Most programming languages and tools support the concept of packages and most of the times those packages have versions. The great thing about versions, whether they’re used by tools or not, is that they allow developers to clearly communicate what the dependencies are to build the final product.
Go has struggled quite a bit with versioning ever since its inception and that led to developers starting to build their own tools like gb and glide. In early 2017, the Go team launched Dep, which was the official experiment for package management in Go. The lessons learned from Dep, and other languages, led to the official proposal for Go Modules which got introduced in Go 1.11.
So, what’s the problem?
Don’t get me wrong, I’m very excited about the introduction of Go Modules as it solves a bunch of problems. It also moves us away from the ugly concept of vendoring. Let’s be honest, who wants to keep a copy of the sources of every dependency in their project, risk losing dependencies all together (we’ve learned from left-pad, right?) or have their colleagues experiment a little with new versions?
Those are all problems that Go Modules solve, and it even introduces an environment variable called GOPROXY which allows developers to send all module download requests through a proxy. That in itself is obviously great for companies that want to keep a cache of versions (and not download the dependency every single time), keep a tight eye on security (and limit access to the Internet from their build servers), and many other reasons. There’s just one slight problem, though. The GOPROXY is hardly usable.
The problem with GOPROXY
Currently, using GOPROXY is an “all or nothing” exercise. It means that all dependencies in your entire dependency tree (both direct and transitive) need to be resolved from that proxy server and the go client will fail if any of the dependencies are not present in that Go registry.
In other words, if someone builds a new app with labstack/echo v3.3.5 and dgrijalva/jwt-go v3.2.0 in their go.mod file and run go install with the GOPROXY variable set, the go client will fail unless both modules, their requested versions, and all their transitive dependencies, are available on that proxy. So unless I’m absolutely sure that my entire dependency tree can be resolved from the proxy server, which can be internal or external, using this approach will not work.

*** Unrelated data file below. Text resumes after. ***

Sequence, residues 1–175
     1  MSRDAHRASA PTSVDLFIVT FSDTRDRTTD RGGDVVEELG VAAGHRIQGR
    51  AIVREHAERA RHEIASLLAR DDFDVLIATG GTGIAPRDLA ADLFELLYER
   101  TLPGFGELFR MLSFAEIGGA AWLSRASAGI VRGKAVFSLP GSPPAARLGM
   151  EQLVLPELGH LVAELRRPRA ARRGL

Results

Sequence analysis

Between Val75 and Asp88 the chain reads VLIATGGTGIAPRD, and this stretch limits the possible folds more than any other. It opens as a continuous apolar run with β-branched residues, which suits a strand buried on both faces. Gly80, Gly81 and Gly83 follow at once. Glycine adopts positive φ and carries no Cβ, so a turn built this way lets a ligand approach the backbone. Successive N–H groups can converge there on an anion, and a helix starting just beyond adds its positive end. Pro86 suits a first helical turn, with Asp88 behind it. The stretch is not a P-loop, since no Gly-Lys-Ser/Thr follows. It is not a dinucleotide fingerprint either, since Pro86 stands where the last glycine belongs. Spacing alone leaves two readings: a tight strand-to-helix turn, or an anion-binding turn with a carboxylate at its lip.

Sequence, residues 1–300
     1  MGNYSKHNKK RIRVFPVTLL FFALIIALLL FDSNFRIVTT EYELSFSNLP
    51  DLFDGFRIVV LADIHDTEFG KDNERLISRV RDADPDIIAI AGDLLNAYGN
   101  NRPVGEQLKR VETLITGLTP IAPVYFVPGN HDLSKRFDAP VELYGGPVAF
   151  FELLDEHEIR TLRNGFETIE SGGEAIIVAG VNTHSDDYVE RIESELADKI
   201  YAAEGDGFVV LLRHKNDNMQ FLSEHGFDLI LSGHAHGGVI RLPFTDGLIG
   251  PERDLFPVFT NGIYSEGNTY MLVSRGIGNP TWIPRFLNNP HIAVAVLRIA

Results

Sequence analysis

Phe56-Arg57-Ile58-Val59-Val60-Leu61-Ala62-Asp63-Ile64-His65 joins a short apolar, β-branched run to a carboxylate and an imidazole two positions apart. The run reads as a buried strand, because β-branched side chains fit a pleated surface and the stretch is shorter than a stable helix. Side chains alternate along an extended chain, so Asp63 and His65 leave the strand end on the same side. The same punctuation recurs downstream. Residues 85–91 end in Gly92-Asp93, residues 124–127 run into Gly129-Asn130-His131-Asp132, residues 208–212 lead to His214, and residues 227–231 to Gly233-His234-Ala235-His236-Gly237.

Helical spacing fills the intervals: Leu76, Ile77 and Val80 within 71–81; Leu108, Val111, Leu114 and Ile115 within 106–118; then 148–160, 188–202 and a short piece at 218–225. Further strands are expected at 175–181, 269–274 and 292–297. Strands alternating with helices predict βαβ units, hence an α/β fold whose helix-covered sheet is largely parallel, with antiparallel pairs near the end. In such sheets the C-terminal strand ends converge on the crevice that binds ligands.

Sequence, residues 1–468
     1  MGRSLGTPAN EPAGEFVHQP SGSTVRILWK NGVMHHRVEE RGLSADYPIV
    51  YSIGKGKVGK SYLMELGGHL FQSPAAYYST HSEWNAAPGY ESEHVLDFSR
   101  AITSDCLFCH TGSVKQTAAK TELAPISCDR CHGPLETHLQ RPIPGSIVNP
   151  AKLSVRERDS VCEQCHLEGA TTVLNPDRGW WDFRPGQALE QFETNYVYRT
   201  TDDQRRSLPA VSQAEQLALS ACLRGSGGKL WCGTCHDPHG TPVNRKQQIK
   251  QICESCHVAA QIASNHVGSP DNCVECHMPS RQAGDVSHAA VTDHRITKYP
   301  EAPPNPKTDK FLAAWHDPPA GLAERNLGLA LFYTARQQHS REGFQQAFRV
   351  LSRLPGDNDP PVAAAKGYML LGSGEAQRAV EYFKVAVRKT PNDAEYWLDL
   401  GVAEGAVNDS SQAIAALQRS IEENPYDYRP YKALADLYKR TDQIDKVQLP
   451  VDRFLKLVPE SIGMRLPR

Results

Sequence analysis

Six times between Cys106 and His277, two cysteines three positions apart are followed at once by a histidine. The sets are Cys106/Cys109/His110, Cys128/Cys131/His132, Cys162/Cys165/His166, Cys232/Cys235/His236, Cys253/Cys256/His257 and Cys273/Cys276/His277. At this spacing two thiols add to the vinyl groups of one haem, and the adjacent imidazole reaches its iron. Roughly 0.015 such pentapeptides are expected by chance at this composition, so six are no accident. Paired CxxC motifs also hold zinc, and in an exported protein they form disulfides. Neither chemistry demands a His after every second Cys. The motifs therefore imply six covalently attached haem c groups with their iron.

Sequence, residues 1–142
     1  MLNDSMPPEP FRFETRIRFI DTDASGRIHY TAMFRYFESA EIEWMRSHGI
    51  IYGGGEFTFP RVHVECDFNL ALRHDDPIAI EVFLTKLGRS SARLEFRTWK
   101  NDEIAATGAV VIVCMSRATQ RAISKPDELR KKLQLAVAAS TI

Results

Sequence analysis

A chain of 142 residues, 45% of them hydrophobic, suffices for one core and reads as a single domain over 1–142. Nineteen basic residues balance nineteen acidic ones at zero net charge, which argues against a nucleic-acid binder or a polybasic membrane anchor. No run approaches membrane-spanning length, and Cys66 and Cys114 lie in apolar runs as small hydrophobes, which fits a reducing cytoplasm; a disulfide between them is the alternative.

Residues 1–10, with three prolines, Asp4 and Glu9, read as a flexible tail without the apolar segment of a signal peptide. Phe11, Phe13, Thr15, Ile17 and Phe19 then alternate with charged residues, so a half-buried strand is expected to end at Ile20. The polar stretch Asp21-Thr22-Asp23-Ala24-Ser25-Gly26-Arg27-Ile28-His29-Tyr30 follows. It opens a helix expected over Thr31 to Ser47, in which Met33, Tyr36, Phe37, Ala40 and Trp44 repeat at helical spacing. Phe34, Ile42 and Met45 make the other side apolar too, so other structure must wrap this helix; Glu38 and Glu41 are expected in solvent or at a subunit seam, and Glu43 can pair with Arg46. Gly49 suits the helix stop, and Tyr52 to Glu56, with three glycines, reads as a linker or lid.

As with every problem, there has to be a solution, right? Right! In fact, the solution already exists. A thread in the Golang repository on GitHub (started by Aaron Schlesinger from the Athens team), outlines the problem and the solution to allow proxies to supply only some modules. Looking back at the example earlier, if one of the two modules is available on the proxy and one isn’t, the build will succeed. One module will be downloaded from the proxy and the other will be downloaded from a version control system.
The option to have such a fallback would solve part of the problem. Some Go Module proxies, like Athens, will be able to construct empty go.mod files from those unresolved requests, which in turn causes other issues.
Completing the solution
The ideal solution would allow users to specify their GOPROXY, use fallbacks in case the module isn’t available and, the important thing, upload those modules to the proxy. This approach means only one developer would ever download a version of a module and after that, it will be available in the proxy server for use by other developers and CI servers. As not all companies will allow their CI servers to connect to the internet, this would really solve the problem and make Go Modules flawless for developers. If you’re wondering how that might look, check out the JFrog CLI which has all of this logic built in. I think we all agree though, that this is a feature we expect from the language itself…